In a letter to yeshiva heads on Wednesday, Deri wrote that he was “forced to cancel the permits until a new announcement,” the Ynet news site reported.
However, according to the report, married students will be allowed to enter the country with their families.
According to Health Ministry numbers released Thursday morning, some 17,429 people have been diagnosed with the virus, up 52 from Wednesday evening. There are currently 25 people on ventilators and 291 people have died.
At least five schools were shuttered Wednesday morning after students were diagnosed with coronavirus. In total, over 40 schools have been closed across the country in recent days, with some 10,000 students and staff forced into home quarantine. More than 200 people have been confirmed to have been infected in schools and kindergartens.
The Gymnasia Rehavia high school in Jerusalem has been particularly hard hit, with some 160 students and staff members there found to be infected.
A growing number of parents have been avoiding sending their kids to school as a result of the wave of infections. Some schools have independently implemented a previously scrapped system of keeping students in separate, smaller groups that stay away from each other to limit any potential wave of infections.
The Health Ministry, which has reportedly been pushing to reintroduce a nationwide closure of schools, says the rising number of infections among students is the primary factor in Israel’s recent spike in cases.
Newly appointed Health Minister Yuli Edelstein warned Sunday of a possible new lockdown, saying the rate of positive results out of all daily coronavirus tests was now five times higher than several days ago.
Netanyahu, however, replied at the time that it was too early to tell whether the upward trend in infections would warrant the reimposition of lockdowns.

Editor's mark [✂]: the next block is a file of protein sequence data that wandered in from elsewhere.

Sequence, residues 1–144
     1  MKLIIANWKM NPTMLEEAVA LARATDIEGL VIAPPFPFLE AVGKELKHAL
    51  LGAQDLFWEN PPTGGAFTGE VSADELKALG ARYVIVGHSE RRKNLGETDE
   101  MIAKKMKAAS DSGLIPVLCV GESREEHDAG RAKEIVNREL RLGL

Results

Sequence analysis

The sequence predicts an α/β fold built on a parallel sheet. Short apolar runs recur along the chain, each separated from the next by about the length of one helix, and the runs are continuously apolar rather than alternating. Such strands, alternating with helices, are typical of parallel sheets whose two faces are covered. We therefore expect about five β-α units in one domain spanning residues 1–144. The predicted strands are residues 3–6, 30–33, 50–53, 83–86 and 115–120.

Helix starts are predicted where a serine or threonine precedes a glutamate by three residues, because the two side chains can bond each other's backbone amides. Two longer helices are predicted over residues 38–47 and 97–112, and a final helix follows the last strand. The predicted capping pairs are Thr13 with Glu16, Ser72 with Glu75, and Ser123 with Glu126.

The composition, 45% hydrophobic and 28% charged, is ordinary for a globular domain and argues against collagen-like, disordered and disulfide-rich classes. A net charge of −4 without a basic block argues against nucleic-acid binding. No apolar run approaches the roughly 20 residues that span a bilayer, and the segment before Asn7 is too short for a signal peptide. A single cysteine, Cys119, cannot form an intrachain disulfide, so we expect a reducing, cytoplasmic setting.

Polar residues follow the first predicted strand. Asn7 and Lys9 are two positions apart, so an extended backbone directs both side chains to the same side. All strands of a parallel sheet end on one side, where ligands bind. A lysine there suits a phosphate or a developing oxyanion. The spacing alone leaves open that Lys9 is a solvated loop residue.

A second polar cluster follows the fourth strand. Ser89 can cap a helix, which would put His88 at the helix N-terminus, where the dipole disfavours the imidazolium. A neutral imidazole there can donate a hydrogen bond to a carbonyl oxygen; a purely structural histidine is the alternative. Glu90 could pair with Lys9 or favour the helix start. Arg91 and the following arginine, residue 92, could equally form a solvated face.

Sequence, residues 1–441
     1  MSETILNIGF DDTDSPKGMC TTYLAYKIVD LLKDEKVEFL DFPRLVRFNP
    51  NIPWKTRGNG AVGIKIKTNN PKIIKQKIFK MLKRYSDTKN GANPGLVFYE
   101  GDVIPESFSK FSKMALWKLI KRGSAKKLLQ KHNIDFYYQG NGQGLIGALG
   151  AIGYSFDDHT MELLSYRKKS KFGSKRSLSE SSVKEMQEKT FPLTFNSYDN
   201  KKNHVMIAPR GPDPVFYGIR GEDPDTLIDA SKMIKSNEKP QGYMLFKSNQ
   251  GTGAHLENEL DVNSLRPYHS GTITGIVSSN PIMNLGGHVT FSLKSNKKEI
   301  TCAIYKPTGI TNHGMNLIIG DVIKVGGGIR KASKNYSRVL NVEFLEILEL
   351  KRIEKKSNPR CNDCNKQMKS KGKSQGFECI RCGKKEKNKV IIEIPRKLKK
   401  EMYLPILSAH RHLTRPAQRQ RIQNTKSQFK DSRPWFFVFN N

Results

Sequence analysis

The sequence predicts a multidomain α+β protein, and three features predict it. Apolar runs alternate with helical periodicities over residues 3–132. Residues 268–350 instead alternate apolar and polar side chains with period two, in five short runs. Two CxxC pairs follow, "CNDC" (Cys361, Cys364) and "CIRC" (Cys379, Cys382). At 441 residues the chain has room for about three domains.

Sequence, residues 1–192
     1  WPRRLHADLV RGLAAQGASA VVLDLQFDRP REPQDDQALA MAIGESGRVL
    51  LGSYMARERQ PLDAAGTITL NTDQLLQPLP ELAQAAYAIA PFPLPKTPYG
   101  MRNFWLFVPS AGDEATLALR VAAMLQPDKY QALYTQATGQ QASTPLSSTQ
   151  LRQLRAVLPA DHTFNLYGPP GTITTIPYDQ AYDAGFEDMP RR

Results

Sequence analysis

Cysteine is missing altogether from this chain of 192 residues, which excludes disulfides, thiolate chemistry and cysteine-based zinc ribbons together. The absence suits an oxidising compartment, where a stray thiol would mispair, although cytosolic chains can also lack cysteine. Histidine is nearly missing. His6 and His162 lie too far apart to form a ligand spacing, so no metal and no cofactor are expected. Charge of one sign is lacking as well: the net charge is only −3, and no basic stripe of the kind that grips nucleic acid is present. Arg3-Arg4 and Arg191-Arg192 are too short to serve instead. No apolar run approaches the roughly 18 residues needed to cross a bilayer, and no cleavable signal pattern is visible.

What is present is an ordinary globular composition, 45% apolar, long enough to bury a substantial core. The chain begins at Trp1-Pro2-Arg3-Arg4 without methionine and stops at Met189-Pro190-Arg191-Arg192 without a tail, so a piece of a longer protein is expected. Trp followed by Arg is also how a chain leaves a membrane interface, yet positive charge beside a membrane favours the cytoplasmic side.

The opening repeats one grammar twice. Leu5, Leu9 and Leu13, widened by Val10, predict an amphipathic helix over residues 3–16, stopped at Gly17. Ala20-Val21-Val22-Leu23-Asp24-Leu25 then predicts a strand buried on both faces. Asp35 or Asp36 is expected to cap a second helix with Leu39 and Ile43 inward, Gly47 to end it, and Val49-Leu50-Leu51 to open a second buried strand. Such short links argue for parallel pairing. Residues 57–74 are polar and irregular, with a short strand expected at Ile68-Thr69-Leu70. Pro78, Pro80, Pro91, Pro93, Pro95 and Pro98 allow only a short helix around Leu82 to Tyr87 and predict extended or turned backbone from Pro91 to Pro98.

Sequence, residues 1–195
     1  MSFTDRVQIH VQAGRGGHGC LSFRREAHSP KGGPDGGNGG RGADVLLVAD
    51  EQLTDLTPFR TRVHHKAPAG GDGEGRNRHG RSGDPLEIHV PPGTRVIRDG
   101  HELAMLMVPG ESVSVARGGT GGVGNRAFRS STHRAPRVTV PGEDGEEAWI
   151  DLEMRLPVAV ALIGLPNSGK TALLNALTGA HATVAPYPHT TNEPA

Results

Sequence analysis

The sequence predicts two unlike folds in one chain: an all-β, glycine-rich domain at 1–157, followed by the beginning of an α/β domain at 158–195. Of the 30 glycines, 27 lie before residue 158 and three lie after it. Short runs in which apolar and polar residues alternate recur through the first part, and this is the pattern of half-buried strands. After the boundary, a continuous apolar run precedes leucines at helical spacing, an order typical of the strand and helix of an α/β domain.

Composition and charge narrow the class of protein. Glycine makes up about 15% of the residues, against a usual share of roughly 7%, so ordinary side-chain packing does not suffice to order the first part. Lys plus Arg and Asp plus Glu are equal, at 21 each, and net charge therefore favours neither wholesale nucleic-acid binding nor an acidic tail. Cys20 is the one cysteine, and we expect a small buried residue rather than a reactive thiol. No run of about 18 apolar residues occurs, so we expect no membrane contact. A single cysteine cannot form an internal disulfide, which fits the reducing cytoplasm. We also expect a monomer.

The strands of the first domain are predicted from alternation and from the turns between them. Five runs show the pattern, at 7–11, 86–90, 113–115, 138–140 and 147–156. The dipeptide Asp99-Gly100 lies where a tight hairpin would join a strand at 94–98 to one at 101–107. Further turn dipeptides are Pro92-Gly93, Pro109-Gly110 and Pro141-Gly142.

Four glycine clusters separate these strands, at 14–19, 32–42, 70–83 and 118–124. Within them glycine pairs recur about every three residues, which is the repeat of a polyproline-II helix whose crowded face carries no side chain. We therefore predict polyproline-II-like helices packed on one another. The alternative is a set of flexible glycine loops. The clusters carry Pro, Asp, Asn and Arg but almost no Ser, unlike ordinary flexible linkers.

Education Minister Gallant has pushed back against a nationwide closure of schools, saying the current infection rates do not justify doing so and calling such a move “an irresponsible blow to students, parents and teachers.”
Gallant was also quoted by Hebrew media reports lashing out at the Health Ministry, accusing it of “sowing panic,” and saying there was no current need for widespread school closures.
Israelis schools began reopening in stages last month. On May 3, the first day of classes, just 60 percent of eligible students attended, a number that later increased before dropping in the wake of the current surge in COVID-19 cases.
The Health Ministry announced Wednesday that widespread serological testing would begin next week to help determine the extent of the population’s exposure to the coronavirus.
The ministry said the antibody tests would be performed throughout the country by health maintenance organizations, with some 70,000 people initially set to be tested.
Tens of thousands more will be tested later as part of the effort.
The antibody tests are seen as a key component in finding out who already had the disease in order to better understand its spread and shape policy ahead of a possible second outbreak.